You’ve probably heard about UFC. Perhaps you’ve even seen it on a television screen, but you don’t really know what it’s all about. Your friends are swapping stories about Conor and Khabib and talking excitedly about recent or upcoming events, but you’re not part of the conversation. You’re just sitting there, eyes glazed over, trying to work out how to change the subject.
Fear not. Digest this essential guide to UFC, and you will quickly become part of the conversation and maybe even inform it.
The difference between UFC and MMA
UFC is an acronym for the ‘Ultimate Fighting Championship,’ and MMA stands for ‘Mixed Martial Arts.’ Think of it in terms of UFC as the ‘competition/league’ and MMA as the sport. UFC is to MMA what the Big Bash League is to Twenty20 cricket.
Specifically, the Ultimate Fighting Championship is an American mixed martial arts promotion company based in Las Vegas, Nevada. To date, they have staged more than 550 events worldwide.
The UFC presents, promotes, and hosts several different types of events that can be simply grouped into one of either:
- The numbered events, such as the recent UFC 259 where Jan Blachowicz ended Kiwi Israel Adesanya’s unbeaten run, are mostly aired via pay-per-view. These are the top-tier and most popular events, including superstar fighters or title bouts. They are also the most lucrative events; or
- The subsequent tier events, such as UFC on ESPN and UFC Fight Night on ESPN+, that almost always have good fighters on the cards, who use these events to get some public recognition; or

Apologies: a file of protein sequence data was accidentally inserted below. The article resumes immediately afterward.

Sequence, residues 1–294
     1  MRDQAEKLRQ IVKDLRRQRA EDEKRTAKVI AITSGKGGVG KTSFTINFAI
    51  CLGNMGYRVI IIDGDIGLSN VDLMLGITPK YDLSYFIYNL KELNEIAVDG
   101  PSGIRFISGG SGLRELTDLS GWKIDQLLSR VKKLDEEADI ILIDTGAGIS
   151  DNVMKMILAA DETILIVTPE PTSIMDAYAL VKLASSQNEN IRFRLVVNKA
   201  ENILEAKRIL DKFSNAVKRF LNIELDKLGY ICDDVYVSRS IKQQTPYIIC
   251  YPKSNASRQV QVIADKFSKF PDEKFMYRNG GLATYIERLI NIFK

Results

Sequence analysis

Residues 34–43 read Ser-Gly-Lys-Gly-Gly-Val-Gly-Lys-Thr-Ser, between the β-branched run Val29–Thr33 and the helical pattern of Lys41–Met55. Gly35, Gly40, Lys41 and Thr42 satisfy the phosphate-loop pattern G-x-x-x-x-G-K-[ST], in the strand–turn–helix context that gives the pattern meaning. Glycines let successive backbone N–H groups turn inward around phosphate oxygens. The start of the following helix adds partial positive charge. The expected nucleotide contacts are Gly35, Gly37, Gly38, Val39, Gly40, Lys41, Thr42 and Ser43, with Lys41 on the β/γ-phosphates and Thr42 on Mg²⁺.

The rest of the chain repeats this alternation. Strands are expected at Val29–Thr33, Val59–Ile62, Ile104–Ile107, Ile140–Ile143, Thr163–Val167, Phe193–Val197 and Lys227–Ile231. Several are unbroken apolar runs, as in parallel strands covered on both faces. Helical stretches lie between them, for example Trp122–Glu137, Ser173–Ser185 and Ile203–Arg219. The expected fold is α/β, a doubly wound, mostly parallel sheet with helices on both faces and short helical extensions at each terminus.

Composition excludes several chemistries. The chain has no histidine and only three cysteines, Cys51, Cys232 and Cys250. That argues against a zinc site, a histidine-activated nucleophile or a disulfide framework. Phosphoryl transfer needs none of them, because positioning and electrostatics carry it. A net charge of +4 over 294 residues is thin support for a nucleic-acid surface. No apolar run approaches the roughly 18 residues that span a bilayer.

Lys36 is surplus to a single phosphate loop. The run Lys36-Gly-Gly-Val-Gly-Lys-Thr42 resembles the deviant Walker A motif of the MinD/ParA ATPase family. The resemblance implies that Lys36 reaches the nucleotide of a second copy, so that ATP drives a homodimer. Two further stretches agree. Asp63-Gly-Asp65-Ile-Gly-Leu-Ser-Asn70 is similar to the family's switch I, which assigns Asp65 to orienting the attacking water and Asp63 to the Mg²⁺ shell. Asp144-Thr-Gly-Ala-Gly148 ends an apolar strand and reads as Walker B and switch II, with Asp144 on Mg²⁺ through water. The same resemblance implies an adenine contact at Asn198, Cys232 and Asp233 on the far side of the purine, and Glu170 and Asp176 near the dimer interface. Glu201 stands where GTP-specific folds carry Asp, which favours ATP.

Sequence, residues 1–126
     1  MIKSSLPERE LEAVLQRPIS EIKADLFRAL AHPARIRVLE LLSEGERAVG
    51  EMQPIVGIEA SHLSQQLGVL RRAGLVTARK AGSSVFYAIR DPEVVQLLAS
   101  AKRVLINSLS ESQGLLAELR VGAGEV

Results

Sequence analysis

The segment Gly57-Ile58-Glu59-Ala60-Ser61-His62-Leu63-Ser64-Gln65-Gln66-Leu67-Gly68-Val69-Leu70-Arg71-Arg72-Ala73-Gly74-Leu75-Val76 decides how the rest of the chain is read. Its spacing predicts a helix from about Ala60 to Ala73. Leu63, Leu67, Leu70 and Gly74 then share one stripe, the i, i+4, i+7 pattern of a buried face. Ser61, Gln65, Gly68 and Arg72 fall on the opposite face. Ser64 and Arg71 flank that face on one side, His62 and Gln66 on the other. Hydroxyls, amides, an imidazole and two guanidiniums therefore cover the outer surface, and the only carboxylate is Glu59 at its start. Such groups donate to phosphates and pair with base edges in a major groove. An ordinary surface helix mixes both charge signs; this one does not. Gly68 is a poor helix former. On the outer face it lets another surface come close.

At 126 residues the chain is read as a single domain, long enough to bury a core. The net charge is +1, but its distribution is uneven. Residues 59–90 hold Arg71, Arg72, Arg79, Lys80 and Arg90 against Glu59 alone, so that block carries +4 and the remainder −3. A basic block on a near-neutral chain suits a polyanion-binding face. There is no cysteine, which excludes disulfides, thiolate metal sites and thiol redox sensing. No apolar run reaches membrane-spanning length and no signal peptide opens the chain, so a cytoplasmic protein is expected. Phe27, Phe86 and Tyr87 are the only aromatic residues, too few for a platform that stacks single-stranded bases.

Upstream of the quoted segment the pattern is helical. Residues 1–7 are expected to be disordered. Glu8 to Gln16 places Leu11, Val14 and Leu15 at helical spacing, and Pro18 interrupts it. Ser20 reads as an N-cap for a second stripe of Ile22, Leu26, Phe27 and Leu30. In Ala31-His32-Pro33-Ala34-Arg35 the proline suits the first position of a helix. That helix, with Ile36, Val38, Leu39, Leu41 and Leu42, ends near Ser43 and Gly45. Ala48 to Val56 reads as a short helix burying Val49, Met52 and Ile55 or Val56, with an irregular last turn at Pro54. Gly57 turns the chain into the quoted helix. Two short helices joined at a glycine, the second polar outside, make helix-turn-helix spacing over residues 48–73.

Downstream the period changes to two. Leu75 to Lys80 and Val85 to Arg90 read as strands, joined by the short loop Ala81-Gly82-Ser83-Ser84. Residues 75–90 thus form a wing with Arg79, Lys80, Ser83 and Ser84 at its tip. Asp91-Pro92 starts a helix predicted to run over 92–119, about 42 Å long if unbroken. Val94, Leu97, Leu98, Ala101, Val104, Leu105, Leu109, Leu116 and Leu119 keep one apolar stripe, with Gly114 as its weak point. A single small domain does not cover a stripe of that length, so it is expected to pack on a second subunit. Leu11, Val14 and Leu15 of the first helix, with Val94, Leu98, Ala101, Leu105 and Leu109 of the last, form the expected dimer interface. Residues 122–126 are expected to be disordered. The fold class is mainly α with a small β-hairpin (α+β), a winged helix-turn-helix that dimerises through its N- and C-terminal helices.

- The Ultimate Fighter (TUF) series, which according to ESPN, is set to return this month, is the UFC’s reality television show. It features many professional MMA fighters living together in Las Vegas, Nevada, following them as they train and compete against each other for a substantial contract with the UFC.
Each event features several bouts. Each bout is a fight between two different MMA fighters from the same weight class. Just like boxing, the bouts are divided into rounds and are supervised by a referee. The recent UFC Fight Night 186 featured five bouts on the main card and four bouts in the prelims.
Since UFC 1 in 1993, each fight has taken place inside a 70m² octagonal cage – known as the Octagon – that measures approximately 9m across and 1.8m (the fence) high. Surrounding the enclosure are rows upon rows of screaming UFC fans.
UFC bouts follow the Unified Rules of Mixed Martial Arts. There are many rules, but the main ones for a beginner to understand are:
- Length of each bout – 3x five-minute rounds for a standard UFC bout and 5x five-minute rounds for a championship bout. Between rounds, each fighter gets a one-minute break.
- Weight classes: There are currently 12 weight classes in UFC, eight for men and four for women, and fighters are categorised by the weight class they fight in. The classes range from Women’s Strawweight with a maximum weigh-in of 52 kilograms to Men’s Heavyweight with a maximum weigh-in of 120 kilograms.
- Winning a bout – A fight is won either by knockout (KO), by technical knockout (TKO), by submission (where the opponent gives up), or by decision (of the three judges). Some bouts finish in mere seconds, as you can see from this video.
- Fouls – MMA fighters can use punches, kicks, elbows, knee strikes both above and below the belt (albeit with a few restrictions) to win a fight. In the Octagon, some of the things they cannot do are headbutting, eye-gouging, hair pulling, biting, spitting, striking the spine or the back of the head, striking the throat, grabbing the trachea, or attacking the groin.
UFC 260 takes place in Las Vegas, Nevada, on March 28, 2021. It features Stipe Miocic up against Francis Ngannou in the UFC heavyweight title main bout, and also features Australian Jamie Mullarkey and New Zealander Shane Young.
Mullarkey is on the main card and is priced by Betway Sports at 2.10 to win against Khama Worthy of the USA in the lightweight fight. Featherweight Young takes on Omar Morales in the early preliminary card.
Hopefully this quick guide to UFC has given you a bit more insight into this hugely popular sport. The next step: get yourself in front of the TV the next time there is a major event on and see if you can understand what is going on – you might just get hooked. You can find a full list of upcoming events here.